When Kumud-ben, the erstwhile in-charge of the apartments of Sri Aurobindo and the Mother in the Ashram main building passed away, Chum asked for and was given the charge of the Mother’s apartments. Despite her failing health and weakened heart-condition, she continued to supervise the cleaning and maintenance of the Mother’s apartments in the second floor of the Ashram main building. At one point, her heart was functioning at only twenty-five percent but her sheer determination and will-power kept her going. Towards the end of her life, every six months, she used to go to JIPMER where doctors would examine her and change her medicines. Once, when she collapsed in her room, she was transferred first to the Ashram Nursing Home and then to Desiree Home so that medical help could be provided to her at the earliest. She spent her last months in Desiree Home where a separate room was provided to her. In spite of being physically very frail, she spent long hours in the Mother’s room supervising the queue of devotees during the Darshan of 21 February 2016.
The present author was fortunate enough to receive Chum’s infinite love, affection and support since the time they met for the first time on 11 August 2010. The bond of mutual love which had developed over the years was indeed one of the greatest gifts of the Divine. She would lovingly call him ‘Teddy’. In her office there was a teddy-bear which adorned a long table near the door; the author would tell her often, pointing at the teddy: “That’s me, reminding you all the time about my existence.”
Chum would be the first person to greet the present author on his birthdays in the early hours of the day but as he would be asleep at that time, she would leave behind a message that she would call again later. And indeed when she rang up in the evening, her warm greetings would light up the heart with supreme delight. The talks which the present author had with her — be it at her office, or residence or over the telephone — would centre around the two loves of her life — the Mother and the Sri Aurobindo Ashram. When the author met her for the last time in November 2015 at her residence, she was on her bed; she looked quite frail as she had lost her appetite but the fighter-spirit in her eyes was intact. Having spent a delightful hour in her loving company the author took leave of her. It was raining heavily on that day. Who knows, maybe Nature was crying as it would be the last meeting between both of them.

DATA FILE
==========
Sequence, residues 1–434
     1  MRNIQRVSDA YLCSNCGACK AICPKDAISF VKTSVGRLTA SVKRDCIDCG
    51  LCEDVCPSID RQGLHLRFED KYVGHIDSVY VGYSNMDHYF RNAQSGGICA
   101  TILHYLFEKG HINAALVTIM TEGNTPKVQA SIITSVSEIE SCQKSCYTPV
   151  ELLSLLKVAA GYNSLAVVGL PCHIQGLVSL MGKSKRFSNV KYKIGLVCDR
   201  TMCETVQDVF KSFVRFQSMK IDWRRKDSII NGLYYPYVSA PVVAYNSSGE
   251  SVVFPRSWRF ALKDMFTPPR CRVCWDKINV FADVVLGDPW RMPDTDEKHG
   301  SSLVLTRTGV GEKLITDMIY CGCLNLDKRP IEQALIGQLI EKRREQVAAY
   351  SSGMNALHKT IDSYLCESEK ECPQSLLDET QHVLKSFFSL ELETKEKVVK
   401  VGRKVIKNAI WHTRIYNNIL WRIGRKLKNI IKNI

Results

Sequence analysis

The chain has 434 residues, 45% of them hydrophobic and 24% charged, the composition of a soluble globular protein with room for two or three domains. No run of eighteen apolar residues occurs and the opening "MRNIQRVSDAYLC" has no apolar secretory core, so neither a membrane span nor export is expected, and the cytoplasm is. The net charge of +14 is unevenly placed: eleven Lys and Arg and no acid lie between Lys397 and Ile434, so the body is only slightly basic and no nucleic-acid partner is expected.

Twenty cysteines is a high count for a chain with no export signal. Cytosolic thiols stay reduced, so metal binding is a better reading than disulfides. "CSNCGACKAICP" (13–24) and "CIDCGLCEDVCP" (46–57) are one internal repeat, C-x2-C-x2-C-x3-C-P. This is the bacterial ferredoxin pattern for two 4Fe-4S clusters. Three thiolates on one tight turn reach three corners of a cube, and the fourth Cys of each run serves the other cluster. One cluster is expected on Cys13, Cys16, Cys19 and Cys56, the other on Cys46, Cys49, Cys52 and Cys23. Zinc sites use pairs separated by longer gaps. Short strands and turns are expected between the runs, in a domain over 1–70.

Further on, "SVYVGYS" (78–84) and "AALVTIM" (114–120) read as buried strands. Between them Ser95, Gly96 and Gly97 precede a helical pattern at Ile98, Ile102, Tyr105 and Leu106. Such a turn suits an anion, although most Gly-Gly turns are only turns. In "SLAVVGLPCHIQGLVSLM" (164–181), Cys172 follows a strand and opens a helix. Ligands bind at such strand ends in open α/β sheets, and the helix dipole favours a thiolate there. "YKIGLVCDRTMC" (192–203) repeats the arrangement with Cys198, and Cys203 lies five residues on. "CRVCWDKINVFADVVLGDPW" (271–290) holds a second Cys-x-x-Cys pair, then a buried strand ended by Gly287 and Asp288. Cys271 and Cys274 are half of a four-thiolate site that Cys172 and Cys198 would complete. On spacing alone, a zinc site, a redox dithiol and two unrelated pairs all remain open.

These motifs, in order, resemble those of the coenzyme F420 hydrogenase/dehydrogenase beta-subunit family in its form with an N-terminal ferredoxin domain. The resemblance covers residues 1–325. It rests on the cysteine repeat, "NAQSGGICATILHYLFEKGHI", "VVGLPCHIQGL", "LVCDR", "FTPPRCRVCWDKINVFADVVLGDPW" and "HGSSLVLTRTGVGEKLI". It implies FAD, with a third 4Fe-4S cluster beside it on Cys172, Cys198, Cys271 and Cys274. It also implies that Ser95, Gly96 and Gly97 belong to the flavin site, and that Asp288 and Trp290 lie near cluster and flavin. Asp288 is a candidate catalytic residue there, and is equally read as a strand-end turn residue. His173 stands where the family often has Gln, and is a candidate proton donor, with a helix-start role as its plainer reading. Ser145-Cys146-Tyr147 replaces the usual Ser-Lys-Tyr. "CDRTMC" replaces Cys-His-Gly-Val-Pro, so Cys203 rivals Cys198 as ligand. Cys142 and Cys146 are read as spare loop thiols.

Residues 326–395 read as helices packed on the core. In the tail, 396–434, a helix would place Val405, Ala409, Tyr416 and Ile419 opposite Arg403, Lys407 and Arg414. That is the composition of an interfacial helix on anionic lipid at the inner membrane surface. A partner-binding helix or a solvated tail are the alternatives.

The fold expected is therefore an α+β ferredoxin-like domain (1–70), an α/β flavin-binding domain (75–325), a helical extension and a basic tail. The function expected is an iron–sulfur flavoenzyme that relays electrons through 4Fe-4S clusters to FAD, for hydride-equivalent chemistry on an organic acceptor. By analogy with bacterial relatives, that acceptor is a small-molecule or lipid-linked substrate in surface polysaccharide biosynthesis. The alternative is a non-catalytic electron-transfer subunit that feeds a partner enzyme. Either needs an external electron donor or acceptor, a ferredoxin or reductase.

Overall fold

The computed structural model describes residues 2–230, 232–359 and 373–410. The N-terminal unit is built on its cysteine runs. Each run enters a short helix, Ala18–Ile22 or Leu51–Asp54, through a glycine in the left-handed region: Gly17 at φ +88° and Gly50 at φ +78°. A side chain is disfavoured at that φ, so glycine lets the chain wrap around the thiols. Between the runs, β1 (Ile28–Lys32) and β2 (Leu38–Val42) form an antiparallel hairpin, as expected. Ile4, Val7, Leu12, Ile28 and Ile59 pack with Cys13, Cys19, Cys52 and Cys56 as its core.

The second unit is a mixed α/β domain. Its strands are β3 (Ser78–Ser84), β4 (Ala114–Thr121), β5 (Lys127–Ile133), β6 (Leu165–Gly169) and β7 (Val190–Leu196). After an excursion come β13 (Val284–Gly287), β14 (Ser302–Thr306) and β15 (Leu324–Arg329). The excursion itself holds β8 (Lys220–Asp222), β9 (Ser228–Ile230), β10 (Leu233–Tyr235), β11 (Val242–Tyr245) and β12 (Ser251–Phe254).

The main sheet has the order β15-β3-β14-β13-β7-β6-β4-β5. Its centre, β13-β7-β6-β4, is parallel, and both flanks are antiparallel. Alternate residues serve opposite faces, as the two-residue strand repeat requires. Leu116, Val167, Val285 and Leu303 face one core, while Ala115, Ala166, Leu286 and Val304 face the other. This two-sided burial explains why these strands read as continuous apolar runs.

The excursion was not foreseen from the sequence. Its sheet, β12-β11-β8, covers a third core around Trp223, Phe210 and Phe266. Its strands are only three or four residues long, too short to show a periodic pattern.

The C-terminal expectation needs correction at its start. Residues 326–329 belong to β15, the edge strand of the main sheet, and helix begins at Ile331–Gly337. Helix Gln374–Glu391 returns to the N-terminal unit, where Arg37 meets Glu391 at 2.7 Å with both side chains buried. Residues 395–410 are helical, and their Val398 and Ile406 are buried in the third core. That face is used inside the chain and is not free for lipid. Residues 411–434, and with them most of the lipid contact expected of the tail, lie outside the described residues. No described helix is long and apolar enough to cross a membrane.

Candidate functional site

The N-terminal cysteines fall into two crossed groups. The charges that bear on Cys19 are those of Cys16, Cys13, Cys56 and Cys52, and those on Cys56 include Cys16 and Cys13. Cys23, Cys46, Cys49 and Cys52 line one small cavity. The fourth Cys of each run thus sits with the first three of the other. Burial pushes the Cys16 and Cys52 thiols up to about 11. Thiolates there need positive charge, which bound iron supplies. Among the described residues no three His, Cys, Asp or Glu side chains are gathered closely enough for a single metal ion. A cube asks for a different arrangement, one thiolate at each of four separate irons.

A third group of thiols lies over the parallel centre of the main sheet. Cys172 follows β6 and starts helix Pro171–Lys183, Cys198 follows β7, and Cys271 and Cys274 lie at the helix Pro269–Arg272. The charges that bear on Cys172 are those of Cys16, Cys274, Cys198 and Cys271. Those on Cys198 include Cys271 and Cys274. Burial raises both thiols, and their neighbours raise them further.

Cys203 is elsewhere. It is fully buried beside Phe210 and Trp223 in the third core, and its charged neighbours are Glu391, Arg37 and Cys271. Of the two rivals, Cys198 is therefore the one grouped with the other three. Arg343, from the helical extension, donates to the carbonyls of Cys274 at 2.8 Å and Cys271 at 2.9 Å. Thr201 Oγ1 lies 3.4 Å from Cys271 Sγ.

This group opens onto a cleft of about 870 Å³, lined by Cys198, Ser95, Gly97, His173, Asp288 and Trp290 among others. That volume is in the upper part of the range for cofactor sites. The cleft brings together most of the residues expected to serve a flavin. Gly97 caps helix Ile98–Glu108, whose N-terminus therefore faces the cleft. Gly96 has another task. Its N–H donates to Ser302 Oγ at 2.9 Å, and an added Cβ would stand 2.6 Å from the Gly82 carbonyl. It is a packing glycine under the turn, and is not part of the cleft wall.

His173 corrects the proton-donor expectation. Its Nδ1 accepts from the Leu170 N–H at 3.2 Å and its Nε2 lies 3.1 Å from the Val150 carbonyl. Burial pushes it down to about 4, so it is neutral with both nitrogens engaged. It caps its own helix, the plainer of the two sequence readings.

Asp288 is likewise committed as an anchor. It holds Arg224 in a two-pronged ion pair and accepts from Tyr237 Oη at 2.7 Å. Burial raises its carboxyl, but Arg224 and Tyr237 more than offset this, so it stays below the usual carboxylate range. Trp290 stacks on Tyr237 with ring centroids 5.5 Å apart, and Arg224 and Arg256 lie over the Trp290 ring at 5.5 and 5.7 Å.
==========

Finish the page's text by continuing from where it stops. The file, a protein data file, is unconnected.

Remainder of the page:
In spite of being physically very frail, Chum spent long hours in the Mother’s room supervising the cleaning of the Mother’s room and arrangement of flowers for the approaching Darshan of 21 February 2016. In spite of her busy schedule, she did not forget to send a greetings card to the present author who got married on the 17th of the same month. On the 21 February, she remained in the Mother’s room supervising the queue of devotees for almost throughout the day with a brief break during which she took only a sandwich. After the Darshan she retired to Desiree Home to convalesce.
On 6 May 2016, Chum turned seventy-seven. On the occasion of her birthday, the present author rang her up to convey his greetings. Both of them talked for quite some time. During the course of the conversation, she told the author: “I am going back home after three days.” The author felt that perhaps her health had improved hence her physicians have allowed her to return to her house. They continued to exchange text messages for the next two days. On 8 May at 6.34 a.m. Chum sent her last text message to the present author in which she wrote:
‘Good morning Teddy! The sweetest and happiest of smiles to open out a new and joyous day before you! The Mad Hatter.’
On 9 May 2016, in the evening, when dinner was served to Chum, she said: “I don’t want to eat now. I’ll eat later.” One of her friends named Bela came to meet her. During the course of their conversation, Chum asked her: “Do you really love me?” Bela replied in the affirmative. But then she observed that Chum was not responding and her head went sideways. The nurses were called. They found that her blood pressure was dropping drastically. At 7.30 p.m. she breathed her last.
On 6 May Chum had told the present author that she would be leaving for her home after three days. Exactly after three days, she left — for her real home — the lap of the Mother.
6 May 2019 is Chum’s eightieth birthday. She would have turned ‘eighty years young’ if she had not left for her real home. But has she really left? No, never. She is here, with us, all the time. She would only leave if her beloved ones stop loving her. And has anyone stopped loving her despite her absence from this physical world? No. So, Chum continues to live and smile in our love for her.
Photographs courtesy: Shri Ranganath Raghavan, Ms. Tara Jauhar and Shri Anurag Banerjee.